Who Is Vyncex? Writer Josh Wood tries to find out. Photos by Mickie Winters

On March 22, 2021, the City and Regional Magazine Association nominated this story, published in March 2020, for best profile in its national awards competition. I asked the author, Josh Wood, to include a brief follow-up with Vyncex as a postscript. It’s just as wild as I expected.

— Josh Moss, editor



Close your eyes.


It’s the 1890s and Louisville is on top of the world. And here you are: a baron in a baron’s mansion that stands in a sea of barons’ mansions. Yours is a world of stained-glass windows, grand staircases and parlors large enough to host ensembles of the finest musicians. These are the kinds of homes you’d stick a pineapple statue in front of.


Now open your eyes. There’s a bottle of piss on the balcony. There’s a syringe in front of the fireplace. This is no American dream.


It’s autumn, Día de los Muertos, and Louisville has just had its first frost. This is the time of year when abandoned buildings get occupied. People get cold. People get high. People light fires. Buildings burn down. It’s just another part of life on the frontlines of America’s opioid epidemic. At last count, in March 2018, Louisville had about 3,600 vacant or abandoned structures, and it’s believed that a similar number exist today. The city’s Sixth District — which includes this swath of Old Louisville, along with parts of west Louisville, Smoketown and Shelby Park — had more than 600 vacant structures.


People have been trying to get into this Old Louisville mansion, kicking at the doors and prying at the heavy fleur-de-lis window bars. The building’s exterior is brick, but inside has lots of wood. Stripped down to its bones during an aborted renovation a few years ago, it now feels dry and brittle, like your foot could go crashing through the floorboards or a spent cigarette could send the whole thing ablaze. A squatter recently tried to light a fire in the basement, and it feels like a miracle this building is still standing — and perhaps more of a miracle that its intricate stained-glass windows and other architectural flourishes have survived years of neglect. But it also feels like the clock is ticking, like this time capsule might not have survived the winter without an intervention.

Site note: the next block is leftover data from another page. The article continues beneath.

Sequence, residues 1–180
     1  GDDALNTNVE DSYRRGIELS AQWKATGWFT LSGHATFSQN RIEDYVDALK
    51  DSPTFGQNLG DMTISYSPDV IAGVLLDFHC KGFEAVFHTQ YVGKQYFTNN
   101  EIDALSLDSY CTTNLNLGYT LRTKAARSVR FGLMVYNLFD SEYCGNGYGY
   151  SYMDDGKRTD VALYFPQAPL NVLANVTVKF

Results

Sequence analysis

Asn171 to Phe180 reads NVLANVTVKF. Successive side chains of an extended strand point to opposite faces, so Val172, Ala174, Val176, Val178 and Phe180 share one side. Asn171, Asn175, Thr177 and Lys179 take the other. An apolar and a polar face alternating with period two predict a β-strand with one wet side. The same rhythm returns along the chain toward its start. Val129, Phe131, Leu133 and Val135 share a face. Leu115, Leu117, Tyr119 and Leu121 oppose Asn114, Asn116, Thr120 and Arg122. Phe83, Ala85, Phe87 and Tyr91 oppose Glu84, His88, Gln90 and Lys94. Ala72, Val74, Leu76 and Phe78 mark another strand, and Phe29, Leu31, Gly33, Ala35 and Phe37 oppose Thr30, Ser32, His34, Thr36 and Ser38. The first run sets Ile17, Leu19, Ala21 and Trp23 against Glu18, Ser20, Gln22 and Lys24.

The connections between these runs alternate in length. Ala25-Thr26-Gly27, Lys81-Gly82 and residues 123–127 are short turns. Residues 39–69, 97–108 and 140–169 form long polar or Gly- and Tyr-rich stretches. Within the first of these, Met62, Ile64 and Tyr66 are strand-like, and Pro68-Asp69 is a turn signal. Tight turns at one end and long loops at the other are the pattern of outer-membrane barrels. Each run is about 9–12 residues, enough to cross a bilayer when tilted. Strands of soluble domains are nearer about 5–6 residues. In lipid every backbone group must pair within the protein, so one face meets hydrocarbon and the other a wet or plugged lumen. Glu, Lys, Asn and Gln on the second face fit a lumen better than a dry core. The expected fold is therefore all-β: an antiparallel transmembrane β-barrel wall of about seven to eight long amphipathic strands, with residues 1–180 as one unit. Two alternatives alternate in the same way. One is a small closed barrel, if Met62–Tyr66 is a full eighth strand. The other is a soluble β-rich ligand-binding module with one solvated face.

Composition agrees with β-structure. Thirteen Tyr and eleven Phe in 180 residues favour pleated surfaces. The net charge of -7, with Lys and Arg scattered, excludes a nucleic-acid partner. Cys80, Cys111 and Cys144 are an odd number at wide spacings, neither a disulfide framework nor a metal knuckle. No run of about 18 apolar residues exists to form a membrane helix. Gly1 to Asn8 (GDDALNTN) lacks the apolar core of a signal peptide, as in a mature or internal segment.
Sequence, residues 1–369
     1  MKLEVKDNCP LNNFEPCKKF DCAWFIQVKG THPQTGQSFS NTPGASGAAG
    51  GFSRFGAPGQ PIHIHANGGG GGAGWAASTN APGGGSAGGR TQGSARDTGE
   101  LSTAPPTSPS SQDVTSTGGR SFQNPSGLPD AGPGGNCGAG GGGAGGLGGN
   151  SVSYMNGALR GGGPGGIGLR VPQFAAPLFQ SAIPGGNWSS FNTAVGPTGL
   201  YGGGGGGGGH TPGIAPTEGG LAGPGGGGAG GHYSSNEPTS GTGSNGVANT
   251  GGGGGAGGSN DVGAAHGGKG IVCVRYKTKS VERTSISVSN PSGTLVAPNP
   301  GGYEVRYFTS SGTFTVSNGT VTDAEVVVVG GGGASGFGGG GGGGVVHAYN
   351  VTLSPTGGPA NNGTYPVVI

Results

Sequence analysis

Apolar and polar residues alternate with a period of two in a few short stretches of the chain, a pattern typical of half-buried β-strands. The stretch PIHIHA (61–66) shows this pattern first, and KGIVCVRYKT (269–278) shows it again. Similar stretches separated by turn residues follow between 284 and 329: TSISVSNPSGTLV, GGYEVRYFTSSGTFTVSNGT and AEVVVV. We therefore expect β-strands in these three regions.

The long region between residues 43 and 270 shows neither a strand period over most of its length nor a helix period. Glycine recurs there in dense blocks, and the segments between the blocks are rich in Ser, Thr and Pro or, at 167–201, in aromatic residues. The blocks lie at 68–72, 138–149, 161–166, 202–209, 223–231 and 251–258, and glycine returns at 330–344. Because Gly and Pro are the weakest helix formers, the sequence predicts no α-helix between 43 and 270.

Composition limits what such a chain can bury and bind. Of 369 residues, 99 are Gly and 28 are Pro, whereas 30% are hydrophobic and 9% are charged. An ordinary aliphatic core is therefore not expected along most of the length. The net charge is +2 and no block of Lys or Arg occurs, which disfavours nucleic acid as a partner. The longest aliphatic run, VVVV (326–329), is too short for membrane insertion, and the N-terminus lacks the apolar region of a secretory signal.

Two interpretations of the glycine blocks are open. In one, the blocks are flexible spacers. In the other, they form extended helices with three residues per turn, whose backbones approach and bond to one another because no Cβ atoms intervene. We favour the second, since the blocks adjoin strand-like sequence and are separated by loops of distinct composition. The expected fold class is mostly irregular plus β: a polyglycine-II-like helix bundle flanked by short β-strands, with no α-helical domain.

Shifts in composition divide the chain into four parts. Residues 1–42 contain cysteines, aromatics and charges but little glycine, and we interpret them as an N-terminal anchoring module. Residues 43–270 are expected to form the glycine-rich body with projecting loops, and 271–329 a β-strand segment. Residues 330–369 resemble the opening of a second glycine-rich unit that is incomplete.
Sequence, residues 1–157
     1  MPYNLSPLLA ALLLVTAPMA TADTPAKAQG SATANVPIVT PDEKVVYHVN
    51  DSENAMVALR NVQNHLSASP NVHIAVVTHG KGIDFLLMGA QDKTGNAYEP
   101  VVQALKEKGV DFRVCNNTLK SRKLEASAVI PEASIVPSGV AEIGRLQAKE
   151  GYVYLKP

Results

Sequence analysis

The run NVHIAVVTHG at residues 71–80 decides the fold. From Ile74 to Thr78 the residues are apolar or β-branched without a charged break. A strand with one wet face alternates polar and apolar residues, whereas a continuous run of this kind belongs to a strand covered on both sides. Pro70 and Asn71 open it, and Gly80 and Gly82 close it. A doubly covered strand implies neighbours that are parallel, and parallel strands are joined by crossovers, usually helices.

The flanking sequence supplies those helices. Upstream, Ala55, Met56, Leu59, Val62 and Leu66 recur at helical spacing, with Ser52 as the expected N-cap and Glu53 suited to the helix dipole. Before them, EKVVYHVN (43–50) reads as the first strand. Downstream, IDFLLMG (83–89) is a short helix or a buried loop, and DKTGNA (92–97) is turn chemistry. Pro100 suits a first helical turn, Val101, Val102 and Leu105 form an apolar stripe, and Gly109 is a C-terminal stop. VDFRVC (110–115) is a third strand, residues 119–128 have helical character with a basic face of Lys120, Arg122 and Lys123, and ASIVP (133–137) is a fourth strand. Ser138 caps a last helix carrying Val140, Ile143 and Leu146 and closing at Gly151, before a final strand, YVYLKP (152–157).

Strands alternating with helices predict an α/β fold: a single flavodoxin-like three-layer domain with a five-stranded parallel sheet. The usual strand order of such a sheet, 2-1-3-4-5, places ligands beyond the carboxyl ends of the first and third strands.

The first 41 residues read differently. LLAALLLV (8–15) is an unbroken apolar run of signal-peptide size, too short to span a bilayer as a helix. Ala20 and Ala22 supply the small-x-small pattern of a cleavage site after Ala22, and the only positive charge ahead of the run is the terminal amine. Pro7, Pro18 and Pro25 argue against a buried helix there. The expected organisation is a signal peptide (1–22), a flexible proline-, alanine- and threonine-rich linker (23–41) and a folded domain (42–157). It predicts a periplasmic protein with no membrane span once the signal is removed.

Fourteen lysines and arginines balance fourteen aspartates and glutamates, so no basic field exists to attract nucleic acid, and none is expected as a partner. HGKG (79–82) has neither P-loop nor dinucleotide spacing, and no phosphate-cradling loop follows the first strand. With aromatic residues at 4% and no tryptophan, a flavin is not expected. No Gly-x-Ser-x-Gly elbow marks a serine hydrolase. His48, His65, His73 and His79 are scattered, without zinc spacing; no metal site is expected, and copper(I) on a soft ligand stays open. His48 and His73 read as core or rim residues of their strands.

But then the pseudonymous photographer Vyncex found the building. He put a new lock on the front door and barricaded access points like he was prepping for a zombie apocalypse: planks of wood secured across windows, other boards nailed to the ground and leaned against doors. The signs warning of cameras and security systems are bluffs. Vyncex has alerted police to a squatter in the basement, and, other than more needles appearing in the sheltered outdoor stairs leading to that basement, the building has been secured. It might survive another winter. “I was just walking through the alleys one day taking photos and hanging out, and I saw a guy and his girlfriend passed out…on the back stairs,” he says. “So I was like, ‘Yo, y’all got to get the fuck out of here, man; my uncle owns this building.’”


His uncle does not own the building. Neighbors say it was being renovated, but construction ceased a few years ago, and the house has since sat stagnant. When Vyncex noticed a door had been kicked in on the grand structure, he saw an opportunity to get inside and take photos — an activity he does in abandoned buildings, or “bandos,” all over Louisville. He thought he’d just be back a few times to shoot, but then he got to thinking: What if he could save the old building and make it into something other than a trap house waiting to burn down? “There are more of these; they’re just sealed up and shit. If they aren’t sealed up, I’ll go seal them up,” he says. “I just don’t want people shooting up dope in them, man.”




The first time I heard of Vyncex I was out drinking with a buddy at Nachbar in Germantown. The May air was hot and heavy, and we were sitting outside because I still smoked back then.


We’d been drinking a bit and the night had grown late as we watched the endless caravan of UPS jets lumber overhead. When we get drinking a bit and one day becomes the next, we sometimes get to telling stories about when we were younger and our lives were more full of adventure and danger — my buddy served as a Marine Corps machine-gunner in Iraq’s Anbar Province and I reported on conflicts and upheavals across the Middle East. I think we were talking about some of my photojournalist friends still overseas who take the kinds of photos that sear into your memory how bad war is and put themselves at great risk doing so. That made my buddy bring up Vyncex. He said he’d been doing some of that how have you not been shot yet? photography in Louisville. He told me to check out his Instagram.